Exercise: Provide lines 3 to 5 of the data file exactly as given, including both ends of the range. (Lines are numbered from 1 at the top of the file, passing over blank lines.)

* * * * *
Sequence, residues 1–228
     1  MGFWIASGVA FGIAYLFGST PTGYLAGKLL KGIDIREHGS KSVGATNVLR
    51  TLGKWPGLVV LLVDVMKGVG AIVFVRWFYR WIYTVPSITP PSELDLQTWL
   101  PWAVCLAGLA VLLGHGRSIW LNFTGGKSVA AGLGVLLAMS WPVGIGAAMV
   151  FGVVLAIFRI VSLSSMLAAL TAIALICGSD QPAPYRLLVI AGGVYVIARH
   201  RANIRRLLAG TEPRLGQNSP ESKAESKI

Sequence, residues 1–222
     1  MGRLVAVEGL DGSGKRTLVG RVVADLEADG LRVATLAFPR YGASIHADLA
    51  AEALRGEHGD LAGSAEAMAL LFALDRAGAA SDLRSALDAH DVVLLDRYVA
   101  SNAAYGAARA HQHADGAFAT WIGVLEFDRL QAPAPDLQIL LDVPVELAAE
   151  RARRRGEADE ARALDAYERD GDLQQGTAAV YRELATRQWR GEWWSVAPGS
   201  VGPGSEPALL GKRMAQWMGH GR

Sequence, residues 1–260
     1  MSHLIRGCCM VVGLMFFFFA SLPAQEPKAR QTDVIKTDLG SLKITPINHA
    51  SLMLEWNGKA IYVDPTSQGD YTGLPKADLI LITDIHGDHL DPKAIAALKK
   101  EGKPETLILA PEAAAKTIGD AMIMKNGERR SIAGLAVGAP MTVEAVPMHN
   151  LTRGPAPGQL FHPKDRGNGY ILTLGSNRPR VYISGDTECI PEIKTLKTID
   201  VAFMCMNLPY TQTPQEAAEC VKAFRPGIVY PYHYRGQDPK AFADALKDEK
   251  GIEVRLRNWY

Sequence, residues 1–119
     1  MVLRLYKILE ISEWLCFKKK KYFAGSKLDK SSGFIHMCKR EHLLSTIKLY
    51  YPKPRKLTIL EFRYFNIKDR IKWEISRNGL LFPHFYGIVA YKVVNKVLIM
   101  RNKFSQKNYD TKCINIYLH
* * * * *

    51  TLGKWPGLVV LLVDVMKGVG AIVFVRWFYR WIYTVPSITP PSELDLQTWL
   101  PWAVCLAGLA VLLGHGRSIW LNFTGGKSVA AGLGVLLAMS WPVGIGAAMV
   151  FGVVLAIFRI VSLSSMLAAL TAIALICGSD QPAPYRLLVI AGGVYVIARH